Melissa Harris-Perry on sexism, parenting and work: "We reproduce this fantasy of perfected motherhood"

"My enjoyment of [maternity] leave raises the ongoing question of why my circumstances are so rare"

Published March 10, 2014 5:38PM (EDT)

Melissa Harris-Perry             (MSNBC/Heidi Gutman)
Melissa Harris-Perry (MSNBC/Heidi Gutman)

Melissa Harris-Perry is currently on leave from her dual posts at MSNBC and Tulane University in order to spend time with her newborn daughter and family, but she's still doing her thing as America's foremost public intellectual. In an interview with Bryce Covert at ThinkProgress, Harris-Perry laid out a 10-step plan to begin the process of creating family-friendly workplaces, discussed her personal work-life balance -- how it's similar and how it's different from that of millions of other working parents -- and tackled the way that sexist and racist norms continue to guide how we talk about -- and legislate around -- working mothers.

Here are a few excerpts from the excellent (per Harris-Perry usual) interview:

On her paid maternity leave and the millions of others who don't have the option:

The meaningful difference is between my situation and that of so many other working mothers who don’t have adequate health care coverage, who do not have paid maternal leave, or who work in positions not covered by the Family and Medical Leave Act and therefore have little job security. I am aware of how privileged and relatively rare my circumstances are in terms of combining family and career. [...]

My enjoyment of the leave raises the ongoing question of why my circumstances are so rare and why we have such an inadequate system of parental support in this country. Throughout the pregnancy, I spent a lot of time on the “What to Expect When You’re Expecting” discussion boards. Even though I wasn’t carrying AJ, I wanted to stay closely connected to the stages of pregnancy. My favorite discussions emerged in the third trimester when the mommies-to-be began to discuss their plans for maternity leave. The Canadian and British women were aghast at the American realities. They were shocked to learn how swiftly their American counterparts would be seeking childcare and returning to full-time employment just to make ends meet. We can make public policies that ease the burden on women, children, and families. We just need the political will to do it.

Examples of policies we need to put in place to ensure all workplaces support working parents and help working families make ends meet:

There are a few policies that could make massive improvements in the lives of these women: (1) universal health care that is not attached to employment; (2) universal paid maternity leave for 12 weeks and universal paid paternity leave for six weeks; (3) universal Pre-K for four-year-olds; (4) raising the minimum wage to $15 per hour; (5) substantial infrastructure investment that connects poor communities with job-rich environments via safe, inexpensive public transportation; (6) legal requirements for wages and working conditions for domestic workers who provide childcare and home care service; (7) the restoration and extension of SNAP benefits; (8) access to affordable birth control, family planning counseling, comprehensive sexual education, and abortion; (9) marriage equality so that same-sex couples can enjoy existing parenting rights obtained in marriage; and (10) aggressive tax incentives for businesses that institute a variety of parent-friendly policies.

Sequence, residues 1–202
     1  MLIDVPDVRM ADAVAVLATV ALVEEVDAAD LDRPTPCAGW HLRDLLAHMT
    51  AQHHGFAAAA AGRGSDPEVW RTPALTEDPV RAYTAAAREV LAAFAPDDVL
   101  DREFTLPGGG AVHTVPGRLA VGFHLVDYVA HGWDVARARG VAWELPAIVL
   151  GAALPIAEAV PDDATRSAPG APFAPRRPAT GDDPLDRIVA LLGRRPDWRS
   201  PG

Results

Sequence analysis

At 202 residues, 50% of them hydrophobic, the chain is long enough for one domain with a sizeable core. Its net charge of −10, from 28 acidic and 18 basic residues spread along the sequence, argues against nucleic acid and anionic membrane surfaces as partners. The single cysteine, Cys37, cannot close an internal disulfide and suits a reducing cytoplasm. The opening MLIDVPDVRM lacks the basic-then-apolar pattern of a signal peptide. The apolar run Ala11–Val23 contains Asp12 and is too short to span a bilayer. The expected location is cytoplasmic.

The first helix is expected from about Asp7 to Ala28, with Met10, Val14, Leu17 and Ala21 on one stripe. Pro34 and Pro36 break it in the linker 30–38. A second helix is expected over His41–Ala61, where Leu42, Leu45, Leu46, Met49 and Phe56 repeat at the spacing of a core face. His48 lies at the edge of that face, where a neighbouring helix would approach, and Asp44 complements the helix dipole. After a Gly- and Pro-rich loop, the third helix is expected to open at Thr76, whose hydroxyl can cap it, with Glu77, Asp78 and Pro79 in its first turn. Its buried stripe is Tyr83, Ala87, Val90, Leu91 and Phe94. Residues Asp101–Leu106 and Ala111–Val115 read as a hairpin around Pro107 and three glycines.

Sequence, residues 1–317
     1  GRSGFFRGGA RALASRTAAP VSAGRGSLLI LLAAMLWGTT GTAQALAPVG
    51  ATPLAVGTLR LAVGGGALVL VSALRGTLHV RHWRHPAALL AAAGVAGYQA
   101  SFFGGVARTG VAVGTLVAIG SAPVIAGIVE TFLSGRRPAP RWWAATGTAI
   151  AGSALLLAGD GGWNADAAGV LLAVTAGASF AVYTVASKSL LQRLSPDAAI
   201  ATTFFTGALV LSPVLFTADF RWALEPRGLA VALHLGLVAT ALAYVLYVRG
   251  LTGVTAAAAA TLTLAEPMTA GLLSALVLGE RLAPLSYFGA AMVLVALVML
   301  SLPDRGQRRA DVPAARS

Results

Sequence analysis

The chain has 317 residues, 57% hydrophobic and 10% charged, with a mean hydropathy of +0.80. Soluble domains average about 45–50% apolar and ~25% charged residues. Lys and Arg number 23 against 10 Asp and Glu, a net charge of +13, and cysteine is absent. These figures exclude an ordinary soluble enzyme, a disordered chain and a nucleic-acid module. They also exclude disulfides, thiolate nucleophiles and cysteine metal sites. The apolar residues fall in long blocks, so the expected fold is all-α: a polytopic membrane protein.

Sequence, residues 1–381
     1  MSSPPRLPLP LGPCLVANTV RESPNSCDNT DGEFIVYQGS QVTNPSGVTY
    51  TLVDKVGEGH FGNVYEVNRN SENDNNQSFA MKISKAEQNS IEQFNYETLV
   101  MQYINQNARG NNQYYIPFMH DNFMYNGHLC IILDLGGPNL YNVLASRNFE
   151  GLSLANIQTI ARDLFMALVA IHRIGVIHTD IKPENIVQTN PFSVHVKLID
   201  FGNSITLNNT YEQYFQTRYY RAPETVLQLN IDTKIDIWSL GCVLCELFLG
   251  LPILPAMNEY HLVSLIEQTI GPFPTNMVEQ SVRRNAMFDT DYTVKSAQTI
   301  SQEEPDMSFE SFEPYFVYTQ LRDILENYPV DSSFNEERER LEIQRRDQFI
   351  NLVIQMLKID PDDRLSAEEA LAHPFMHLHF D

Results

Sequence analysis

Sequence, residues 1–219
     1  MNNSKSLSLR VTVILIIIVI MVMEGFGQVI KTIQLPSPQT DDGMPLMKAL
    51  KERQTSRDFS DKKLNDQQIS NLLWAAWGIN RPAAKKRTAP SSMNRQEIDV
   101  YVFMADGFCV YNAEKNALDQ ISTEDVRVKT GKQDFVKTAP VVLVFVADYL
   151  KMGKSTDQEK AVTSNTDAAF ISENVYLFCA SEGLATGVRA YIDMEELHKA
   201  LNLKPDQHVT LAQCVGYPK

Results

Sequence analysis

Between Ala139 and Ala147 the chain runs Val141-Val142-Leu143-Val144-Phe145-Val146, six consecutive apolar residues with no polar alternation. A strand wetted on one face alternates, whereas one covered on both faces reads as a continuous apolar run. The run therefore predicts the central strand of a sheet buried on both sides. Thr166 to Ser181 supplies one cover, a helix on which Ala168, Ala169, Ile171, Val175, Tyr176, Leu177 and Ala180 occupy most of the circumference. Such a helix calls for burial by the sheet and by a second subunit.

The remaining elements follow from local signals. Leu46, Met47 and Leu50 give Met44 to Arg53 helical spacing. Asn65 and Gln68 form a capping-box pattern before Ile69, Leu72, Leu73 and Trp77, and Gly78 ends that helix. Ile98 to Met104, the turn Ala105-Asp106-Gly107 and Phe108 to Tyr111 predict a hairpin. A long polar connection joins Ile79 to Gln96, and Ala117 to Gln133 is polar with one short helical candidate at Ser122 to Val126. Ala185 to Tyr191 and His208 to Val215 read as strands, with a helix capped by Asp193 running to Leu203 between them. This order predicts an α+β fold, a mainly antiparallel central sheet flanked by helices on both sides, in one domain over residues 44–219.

On the myth of "perfected motherhood" and how race, class and other identities shape who American culture views as a "good mother":

Our societal norms still push the notion that able-bodied, beautiful, white women in their 20s, who are married to wealthy white men, who choose not to work outside the home while their children are young, who bear their own biological children without assisted reproductive technology, and who lose all their pregnancy pounds within weeks of giving birth are the ideal imagination of motherhood. We reproduce this fantasy of perfected motherhood in many ways throughout our culture and this version of “mother” is powerfully etched in the mindset of too many policy makers. [...]

But the social, cultural, and policy preferences for the idealized middle-class, white, heterosexual mom generates real consequences. Many conservative policy makers lay claim to the truism that young children thrive when their mothers are full-time parents, then support policies that force poor, unmarried mothers to work outside the home rather than devote their full attention to child reading. It’s a contradiction that suggests poor women should be punished for becoming mothers rather than having the opportunities that more economically secure mothers enjoy

By Katie McDonough

Katie McDonough is Salon's politics writer, focusing on gender, sexuality and reproductive justice. Follow her on Twitter @kmcdonovgh or email her at

MORE FROM Katie McDonough

Related Topics ------------------------------------------

Gender Labor Labor Rights Melissa Harris-perry Women Work Working Mothers Working Parents Working Women